Pets receive vaccinations during Balikatan 2012
A Purok Abanico health worker from the San Pedro barangay (left) and U.S. Army Sgt. 1st. Class Brian M. Reed, civil affairs team sergeant, Combined Joint Civil Military Operations Task Force, Puerto Princesa, Puerto Princesa, Palawan, Republic of the Philippines (middle) assist Roberto D. Deguzman (right), vet technician, city government of Puerto Princesa City, Palawan, Republic of the Philippines, April 13, 2012, while he provides a rabies vaccine to a dog during the veterinary civic assistance projects of Exercise Balikatan 2012.

PUERTO PRINCESA, Philippines (April 17, 2012) -- Free veterinary care was provided April 13, 2012, for pets of the San Pedro barangay, Puerto Princesa Palawan, Philippines, during Exercise Balikatan 2012, which officially began April 16.

Armed Forces of the Philippines, local community health workers, and U.S. Army Soldiers teamed up to provide pets vaccinations in areas where the need is greatest as part of the veterinary civic assistance project, known as a VETCAP.

BK12 consists of series of humanitarian and civic assistance projects to improve Philippine-U.S. military civic assistance interoperability.

Working together, the VETCAP teams target the documented cases of canine rabies with anti-rabies vaccinations as well as deworming for internal and external parasites.

Armed Forces of the Philippines Maj. Galahad L. Trabado, commanding officer of the veterinary corps, K-9 Division, Puerto Princesa, Palawan,Philippines, pointed out that the San Pedro barangay has a high percentage of rabies cases and that BK12 is a "big" help to dogs and cats.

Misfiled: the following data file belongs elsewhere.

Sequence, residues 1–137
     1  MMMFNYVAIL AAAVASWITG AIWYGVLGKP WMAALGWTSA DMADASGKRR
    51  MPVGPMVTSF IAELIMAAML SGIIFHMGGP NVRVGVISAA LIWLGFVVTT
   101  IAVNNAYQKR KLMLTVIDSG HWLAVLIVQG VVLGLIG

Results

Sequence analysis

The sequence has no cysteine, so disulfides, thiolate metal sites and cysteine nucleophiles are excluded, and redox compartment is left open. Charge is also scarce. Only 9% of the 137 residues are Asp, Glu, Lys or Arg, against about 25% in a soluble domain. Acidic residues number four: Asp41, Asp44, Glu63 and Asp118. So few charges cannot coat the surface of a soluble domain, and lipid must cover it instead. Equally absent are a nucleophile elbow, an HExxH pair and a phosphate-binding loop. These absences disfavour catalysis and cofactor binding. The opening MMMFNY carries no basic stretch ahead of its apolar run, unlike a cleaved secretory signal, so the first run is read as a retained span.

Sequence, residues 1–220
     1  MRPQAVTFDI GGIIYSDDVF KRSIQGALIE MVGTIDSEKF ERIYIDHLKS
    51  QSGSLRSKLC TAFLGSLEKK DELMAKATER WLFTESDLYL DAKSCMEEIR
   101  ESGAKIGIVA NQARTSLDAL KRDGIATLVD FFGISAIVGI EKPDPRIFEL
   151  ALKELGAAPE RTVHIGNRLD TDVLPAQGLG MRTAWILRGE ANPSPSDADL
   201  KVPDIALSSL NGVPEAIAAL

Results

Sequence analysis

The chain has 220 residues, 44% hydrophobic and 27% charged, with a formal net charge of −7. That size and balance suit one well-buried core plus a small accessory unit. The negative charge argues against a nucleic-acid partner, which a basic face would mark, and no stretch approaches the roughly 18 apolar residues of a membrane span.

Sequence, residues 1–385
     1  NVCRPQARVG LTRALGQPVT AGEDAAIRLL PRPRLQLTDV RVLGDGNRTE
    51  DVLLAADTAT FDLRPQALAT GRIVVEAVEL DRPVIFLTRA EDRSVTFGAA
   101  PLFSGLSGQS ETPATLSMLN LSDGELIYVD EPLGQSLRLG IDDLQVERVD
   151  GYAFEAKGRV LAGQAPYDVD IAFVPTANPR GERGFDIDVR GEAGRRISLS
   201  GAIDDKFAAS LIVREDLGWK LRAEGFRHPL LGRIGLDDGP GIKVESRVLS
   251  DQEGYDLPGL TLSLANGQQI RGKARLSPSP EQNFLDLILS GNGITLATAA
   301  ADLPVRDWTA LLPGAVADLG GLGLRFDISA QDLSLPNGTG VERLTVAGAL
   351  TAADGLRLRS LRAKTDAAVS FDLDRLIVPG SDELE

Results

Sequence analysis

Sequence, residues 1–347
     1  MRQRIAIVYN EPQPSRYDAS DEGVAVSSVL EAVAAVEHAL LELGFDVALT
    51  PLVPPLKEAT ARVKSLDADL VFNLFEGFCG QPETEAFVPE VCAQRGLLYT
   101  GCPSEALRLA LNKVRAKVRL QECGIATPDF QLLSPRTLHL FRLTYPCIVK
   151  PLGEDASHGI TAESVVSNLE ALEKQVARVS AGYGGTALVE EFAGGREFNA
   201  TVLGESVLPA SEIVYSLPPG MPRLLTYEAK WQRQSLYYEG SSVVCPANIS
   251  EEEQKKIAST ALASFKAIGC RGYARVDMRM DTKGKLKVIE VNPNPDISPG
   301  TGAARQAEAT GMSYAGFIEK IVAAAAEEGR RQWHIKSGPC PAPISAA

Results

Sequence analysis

Trabado and U.S. Army Capt. Angelina C. Gerardo, lead veterinary officer for BK12, both agreed that keeping the dogs disease free ultimately protects the people of the barangays.

"Children who handle dogs the most here, are a common target for dog bites," Trabado and Gerardo said.

According to Trabado, there are hundreds of dogs and cats in Puerto Princesa in need of the veterinary care provided by the VETCAPs.

The primary goal for the VETCAPs is to prevent and protect against incidents of rabies and to prevent the transfer of any disease from animals to humans said Gerardo.

There are six barangay's participating in the free veterinary care provided by the VETCAPs.

"This is a good project for the U.S. and Philippine forces," Trabado said. He noted that he hopes for a Philippines country that will be rabies free by the year 2020.

Humanitarian assistance and training activities enable our service members to get to know each other, train together, and provide assistance to local communities, while building longstanding partnerships.

Page last updated Tue April 17th, 2012 at 00:00